In the foregoing examples, the separate pump [46] is provided to pump used solvent to the recycler. If desired, the pump [47], which is an existing feature of typical gun- washers may be used as a dual purpose pump - namely, for supplying solvent for the automatic cleaning operation as described above or for pumping used solvent to the recycler, instead of using separate pump [46]. This would be effected by providing a suitable valving system between pump [47] and conduits [45] and [48] which would selectively place pump [47] in line with one or other of these conduits, as required. A further possibility in the practice of this invention is that solvent vapours may be drawn by vacuum pump from the gun washing or spray jet cleaning processes into the system for subsequent recovery or venting to atmosphere through a suitable filter (such as a charcoal filter). In a conventional gun- washer, vapours are sucked through an exhaust tobe and vented to the outside of the building containing the equipment. In the present invention, the exhaust tobe could be diverted to exit at the bottom of the tank [41]. The vapours would then bubble through the tank and some would condense during passage through the solvent within the tank. Uncondensed solvents would then be passed through a charcoal filter or the like before entering the atmosphere.
Thus, the system of this invention has a number of advantages, as will be apparent from the foregoing description. These include but are not limited to the following:
All of the recycled solvent is available for re-use in the gun washing operation, compared with only 50% (typically) in the prior art system.
The present system will never run out of solvent for the spray jet cleaning operations before running out of clean and dirty solvent. The amount of topping up of solvent required to compensate for evaporation losses can be accurately controlled.
It is not necessary for each transfer of clean solvent to transfer the full amount of clean solvent available in the condensation/collection drum, which saves time when only a partial amount of the available clean solvent is needed. The above-described embodiments of the present invention are intended to be examples only. Alterations, modifications and variations may be effected to the particular embodiments by those of skill in the art without departing from the scope of the invention, which is defined solely by the claims appended hereto.

Claims

CLAIMS:
1. A system for recovering and recycling solvent from a solvent-based cleaning process comprising: a used solvent collection container for collecting used solvent containing sludge and dissolved contaminants from a cleaning apparatus used in said cleaning process, a solvent recovery apparatus for recovering used solvent from said used solvent collection container, an apparatus for feeding used solvent from said used solvent collection container to said solvent recovery apparatos, an apparatos for feeding recovered solvent from said solvent recovery apparatus to a recovered solvent collection container, and a recycling apparatos for recycling recovered solvent from said recovered solvent collection container to said cleaning apparatus, said used solvent collection container comprising a plurality of compartments, a first compartment receiving used solvent directly from said cleaning apparatos and having a lower sludge-containing region communicating with said apparatus for feeding used solvent to said solvent recovery apparatos and at least a second compartment communicating with means for supplying essentially sludge-free used solvent to said cleaning apparatos without passage through said solvent recovery apparatus, said second compartment receiving used solvent from an upper essentially sludge-free region of said first compartment.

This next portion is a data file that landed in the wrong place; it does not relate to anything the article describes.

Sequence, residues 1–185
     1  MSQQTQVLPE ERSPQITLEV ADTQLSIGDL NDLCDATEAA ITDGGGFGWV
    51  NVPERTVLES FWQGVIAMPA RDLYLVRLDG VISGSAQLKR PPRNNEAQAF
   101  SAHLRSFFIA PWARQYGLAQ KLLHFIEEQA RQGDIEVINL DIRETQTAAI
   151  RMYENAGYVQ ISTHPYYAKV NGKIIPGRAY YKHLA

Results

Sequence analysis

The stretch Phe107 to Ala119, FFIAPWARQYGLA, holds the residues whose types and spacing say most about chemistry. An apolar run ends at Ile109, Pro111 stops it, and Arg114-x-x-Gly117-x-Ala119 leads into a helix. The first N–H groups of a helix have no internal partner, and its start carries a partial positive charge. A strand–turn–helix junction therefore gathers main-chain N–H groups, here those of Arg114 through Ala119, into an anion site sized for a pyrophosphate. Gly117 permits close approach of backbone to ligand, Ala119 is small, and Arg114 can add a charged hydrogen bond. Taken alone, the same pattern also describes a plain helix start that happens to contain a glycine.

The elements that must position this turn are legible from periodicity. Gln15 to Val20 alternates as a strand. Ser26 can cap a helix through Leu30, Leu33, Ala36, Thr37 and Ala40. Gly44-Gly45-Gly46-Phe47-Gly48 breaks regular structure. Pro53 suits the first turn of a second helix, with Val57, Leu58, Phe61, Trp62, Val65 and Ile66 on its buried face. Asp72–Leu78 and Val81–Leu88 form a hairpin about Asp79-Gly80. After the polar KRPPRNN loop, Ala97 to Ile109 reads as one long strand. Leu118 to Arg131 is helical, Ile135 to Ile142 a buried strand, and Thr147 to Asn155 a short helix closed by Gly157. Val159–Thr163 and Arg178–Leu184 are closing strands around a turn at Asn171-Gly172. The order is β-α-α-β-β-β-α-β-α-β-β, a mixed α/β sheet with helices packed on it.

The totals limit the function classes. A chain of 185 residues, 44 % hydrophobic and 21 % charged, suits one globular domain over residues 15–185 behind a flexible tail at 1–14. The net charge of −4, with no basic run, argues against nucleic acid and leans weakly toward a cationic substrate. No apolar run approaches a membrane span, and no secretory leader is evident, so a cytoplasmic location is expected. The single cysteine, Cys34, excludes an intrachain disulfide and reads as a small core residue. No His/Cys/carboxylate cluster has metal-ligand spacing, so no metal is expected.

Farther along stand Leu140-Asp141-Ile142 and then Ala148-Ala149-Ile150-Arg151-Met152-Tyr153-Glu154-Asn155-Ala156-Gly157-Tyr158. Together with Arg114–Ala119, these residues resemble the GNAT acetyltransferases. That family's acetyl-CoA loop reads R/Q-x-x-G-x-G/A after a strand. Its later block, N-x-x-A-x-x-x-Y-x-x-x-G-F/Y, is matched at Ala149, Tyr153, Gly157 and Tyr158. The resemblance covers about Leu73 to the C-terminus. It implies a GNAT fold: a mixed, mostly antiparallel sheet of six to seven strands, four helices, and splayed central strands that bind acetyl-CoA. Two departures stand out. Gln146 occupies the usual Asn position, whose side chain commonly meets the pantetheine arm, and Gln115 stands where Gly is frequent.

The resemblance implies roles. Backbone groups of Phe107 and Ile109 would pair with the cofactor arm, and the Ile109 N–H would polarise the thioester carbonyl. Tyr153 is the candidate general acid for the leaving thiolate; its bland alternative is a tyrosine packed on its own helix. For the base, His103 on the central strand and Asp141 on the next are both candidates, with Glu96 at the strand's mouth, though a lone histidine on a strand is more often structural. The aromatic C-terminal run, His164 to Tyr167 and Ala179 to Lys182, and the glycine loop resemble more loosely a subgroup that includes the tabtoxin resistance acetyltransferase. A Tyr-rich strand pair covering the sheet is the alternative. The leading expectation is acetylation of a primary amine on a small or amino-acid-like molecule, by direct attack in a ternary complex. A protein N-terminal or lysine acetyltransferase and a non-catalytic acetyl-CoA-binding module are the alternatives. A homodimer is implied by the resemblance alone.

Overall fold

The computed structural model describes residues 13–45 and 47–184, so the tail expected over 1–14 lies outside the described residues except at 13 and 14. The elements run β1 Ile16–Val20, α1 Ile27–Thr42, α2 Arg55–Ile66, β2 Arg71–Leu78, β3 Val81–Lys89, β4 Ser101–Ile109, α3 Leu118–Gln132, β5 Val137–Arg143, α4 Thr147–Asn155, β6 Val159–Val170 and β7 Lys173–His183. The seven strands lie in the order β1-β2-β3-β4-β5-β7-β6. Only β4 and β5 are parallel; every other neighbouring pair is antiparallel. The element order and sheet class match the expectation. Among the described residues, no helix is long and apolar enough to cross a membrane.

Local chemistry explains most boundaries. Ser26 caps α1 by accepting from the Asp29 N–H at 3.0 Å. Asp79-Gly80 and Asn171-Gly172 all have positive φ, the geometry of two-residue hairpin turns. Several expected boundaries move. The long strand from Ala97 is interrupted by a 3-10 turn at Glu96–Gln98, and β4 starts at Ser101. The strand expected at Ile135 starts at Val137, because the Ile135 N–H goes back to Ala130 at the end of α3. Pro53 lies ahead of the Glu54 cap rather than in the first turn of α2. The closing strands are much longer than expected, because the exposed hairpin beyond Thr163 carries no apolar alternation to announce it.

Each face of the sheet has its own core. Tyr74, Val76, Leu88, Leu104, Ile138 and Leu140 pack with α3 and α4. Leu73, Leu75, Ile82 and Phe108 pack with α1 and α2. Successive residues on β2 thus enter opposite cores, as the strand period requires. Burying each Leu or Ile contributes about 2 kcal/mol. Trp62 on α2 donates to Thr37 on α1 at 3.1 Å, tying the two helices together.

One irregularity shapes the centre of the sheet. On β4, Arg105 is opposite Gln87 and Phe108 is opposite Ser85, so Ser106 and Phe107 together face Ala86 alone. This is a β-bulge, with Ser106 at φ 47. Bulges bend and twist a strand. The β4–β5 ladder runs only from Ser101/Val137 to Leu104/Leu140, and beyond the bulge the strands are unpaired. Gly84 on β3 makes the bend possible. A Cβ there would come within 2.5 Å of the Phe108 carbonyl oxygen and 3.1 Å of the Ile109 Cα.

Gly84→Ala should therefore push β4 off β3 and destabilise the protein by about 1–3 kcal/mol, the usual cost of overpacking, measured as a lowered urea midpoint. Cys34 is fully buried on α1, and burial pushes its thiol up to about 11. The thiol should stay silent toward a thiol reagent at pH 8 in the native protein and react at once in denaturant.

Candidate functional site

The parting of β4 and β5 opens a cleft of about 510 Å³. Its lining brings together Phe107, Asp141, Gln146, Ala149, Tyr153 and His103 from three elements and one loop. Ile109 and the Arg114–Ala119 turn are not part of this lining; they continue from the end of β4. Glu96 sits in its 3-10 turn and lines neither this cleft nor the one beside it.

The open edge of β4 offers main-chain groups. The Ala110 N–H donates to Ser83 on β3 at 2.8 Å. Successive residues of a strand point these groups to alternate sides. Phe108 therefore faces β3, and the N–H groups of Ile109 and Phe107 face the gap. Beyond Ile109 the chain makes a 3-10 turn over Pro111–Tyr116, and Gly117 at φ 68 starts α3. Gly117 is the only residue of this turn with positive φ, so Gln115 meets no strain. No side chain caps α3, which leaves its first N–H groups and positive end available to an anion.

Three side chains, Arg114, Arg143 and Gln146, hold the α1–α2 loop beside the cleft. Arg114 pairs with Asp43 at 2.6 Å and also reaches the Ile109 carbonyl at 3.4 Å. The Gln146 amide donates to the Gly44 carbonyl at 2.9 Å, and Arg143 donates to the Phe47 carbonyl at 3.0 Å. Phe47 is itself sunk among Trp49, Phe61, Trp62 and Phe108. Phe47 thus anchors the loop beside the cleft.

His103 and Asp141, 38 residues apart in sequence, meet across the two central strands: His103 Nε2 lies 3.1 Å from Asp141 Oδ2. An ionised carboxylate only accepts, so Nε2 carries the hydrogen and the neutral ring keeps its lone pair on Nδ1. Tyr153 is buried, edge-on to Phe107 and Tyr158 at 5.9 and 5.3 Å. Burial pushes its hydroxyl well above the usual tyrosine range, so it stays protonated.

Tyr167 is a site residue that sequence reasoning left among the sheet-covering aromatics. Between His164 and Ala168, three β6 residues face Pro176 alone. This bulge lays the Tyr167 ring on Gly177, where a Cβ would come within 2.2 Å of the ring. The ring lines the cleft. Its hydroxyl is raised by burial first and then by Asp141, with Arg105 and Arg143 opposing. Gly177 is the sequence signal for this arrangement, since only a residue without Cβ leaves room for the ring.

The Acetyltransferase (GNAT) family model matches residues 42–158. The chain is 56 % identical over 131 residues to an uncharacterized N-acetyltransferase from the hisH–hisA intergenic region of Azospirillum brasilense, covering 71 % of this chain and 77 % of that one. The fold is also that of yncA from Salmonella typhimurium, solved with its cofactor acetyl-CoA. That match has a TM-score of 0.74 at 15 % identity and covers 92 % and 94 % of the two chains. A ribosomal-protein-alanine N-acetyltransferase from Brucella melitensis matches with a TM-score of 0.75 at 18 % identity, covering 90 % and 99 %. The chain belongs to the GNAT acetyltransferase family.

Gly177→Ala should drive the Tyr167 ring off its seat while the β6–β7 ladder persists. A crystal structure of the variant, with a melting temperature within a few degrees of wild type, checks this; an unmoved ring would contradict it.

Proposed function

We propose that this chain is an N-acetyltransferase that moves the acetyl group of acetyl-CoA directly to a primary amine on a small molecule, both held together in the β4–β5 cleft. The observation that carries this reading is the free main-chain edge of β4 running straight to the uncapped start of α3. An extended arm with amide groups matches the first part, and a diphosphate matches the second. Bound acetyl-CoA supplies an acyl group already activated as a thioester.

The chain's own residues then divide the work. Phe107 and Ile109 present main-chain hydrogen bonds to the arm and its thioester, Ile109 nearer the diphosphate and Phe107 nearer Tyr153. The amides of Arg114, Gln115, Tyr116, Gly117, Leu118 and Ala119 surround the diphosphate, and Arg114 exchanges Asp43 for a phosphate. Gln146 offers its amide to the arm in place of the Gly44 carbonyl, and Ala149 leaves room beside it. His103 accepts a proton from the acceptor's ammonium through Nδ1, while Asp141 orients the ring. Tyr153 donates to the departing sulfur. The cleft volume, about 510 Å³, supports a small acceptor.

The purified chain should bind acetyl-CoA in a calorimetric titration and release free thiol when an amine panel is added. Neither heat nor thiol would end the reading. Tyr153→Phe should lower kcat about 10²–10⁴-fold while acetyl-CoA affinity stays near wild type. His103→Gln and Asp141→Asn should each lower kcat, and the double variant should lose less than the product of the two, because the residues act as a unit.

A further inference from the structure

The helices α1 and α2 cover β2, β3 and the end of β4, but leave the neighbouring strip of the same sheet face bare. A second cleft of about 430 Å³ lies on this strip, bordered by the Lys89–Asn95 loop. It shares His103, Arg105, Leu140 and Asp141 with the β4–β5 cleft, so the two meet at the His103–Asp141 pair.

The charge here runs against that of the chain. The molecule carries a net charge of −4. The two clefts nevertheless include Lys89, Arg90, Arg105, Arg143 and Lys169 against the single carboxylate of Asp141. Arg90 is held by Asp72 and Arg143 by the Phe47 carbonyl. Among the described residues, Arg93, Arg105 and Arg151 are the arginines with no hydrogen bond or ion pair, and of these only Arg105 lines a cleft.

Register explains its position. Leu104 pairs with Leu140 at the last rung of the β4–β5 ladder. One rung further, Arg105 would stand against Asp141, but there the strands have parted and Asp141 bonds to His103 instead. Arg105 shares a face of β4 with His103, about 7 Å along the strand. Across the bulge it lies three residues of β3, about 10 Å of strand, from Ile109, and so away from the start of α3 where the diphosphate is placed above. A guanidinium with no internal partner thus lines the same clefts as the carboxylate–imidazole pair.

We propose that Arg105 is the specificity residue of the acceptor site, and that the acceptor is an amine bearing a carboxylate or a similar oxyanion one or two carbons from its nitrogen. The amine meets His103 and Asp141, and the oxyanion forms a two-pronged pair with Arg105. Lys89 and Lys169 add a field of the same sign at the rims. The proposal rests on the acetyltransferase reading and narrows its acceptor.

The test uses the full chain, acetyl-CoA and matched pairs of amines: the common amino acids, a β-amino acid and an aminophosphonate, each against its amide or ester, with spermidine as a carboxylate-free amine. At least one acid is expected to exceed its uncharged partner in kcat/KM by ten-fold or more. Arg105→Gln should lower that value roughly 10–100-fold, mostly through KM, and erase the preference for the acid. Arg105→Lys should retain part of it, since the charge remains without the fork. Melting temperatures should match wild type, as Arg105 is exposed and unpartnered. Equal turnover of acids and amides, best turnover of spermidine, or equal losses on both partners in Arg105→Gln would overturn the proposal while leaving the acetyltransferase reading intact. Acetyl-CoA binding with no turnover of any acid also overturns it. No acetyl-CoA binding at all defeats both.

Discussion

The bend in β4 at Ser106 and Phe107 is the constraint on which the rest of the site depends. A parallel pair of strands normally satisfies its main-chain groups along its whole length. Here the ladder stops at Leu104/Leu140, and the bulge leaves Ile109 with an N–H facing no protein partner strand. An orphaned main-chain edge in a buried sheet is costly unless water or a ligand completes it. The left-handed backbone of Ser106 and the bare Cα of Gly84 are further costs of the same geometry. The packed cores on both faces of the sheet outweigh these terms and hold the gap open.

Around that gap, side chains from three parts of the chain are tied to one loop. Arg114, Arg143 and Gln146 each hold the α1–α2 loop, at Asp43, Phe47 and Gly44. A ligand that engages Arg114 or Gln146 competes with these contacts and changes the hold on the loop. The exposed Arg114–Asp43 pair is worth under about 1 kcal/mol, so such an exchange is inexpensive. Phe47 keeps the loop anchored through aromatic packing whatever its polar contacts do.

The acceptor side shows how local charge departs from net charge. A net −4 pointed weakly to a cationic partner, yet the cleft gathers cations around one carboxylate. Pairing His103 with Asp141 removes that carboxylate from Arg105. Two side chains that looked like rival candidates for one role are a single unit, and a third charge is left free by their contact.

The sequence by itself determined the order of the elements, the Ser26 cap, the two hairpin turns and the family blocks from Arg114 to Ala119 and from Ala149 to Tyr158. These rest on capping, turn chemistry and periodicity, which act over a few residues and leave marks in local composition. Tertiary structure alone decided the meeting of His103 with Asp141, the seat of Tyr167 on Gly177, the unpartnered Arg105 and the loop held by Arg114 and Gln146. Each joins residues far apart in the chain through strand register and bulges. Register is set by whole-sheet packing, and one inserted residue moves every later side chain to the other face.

2. The system of claim 1 wherein said used solvent collection container comprises said first compartment and second and third compartments, said second and third compartments communicating with said means for supplying essentially sludge-free used solvent to said cleaning apparatus without passage through said solvent recovery apparatus and said second and third compartments receiving used solvent from said upper essentially sludge-free region of said first compartment.
3. The system of claim 2, wherein said third compartment receives overflow of used solvent from said first compartment and said second compartment receives overflow of used solvent from said third compartment.
4. The system of claim 1, 2 or 3, wherein said apparatos for feeding used solvent to said solvent recovery apparatos comprises a conduit extending from a lower sludge- containing region of said used solvent collection container beneath the surface of said used solvent in said container to said solvent recovery apparatos and a pump for pumping used solvent containing sludge through said conduit to said solvent recovery apparatus.
5. The system of claim 4, wherein a one-way valve is provided between the second and first compartments, so that when used solvent is pumped out of the first compartment, the second compartment is also drained but sludge-laden solvent is prevented from flowing from the first compartment into the second compartment through the one-way valve.
6. The system of claim 2, wherein said third compartment receives used solvent from said first compartment through one or more overflow orifices between said first and third compartments, and said second compartment receives overflow from said third compartment and a one-way valve is provided between the second and first compartments, so that when used solvent is pumped out of the first compartment, the second compartment is also drained but sludge-laden solvent is prevented from flowing from the first compartment into the second compartment through the one-way valve.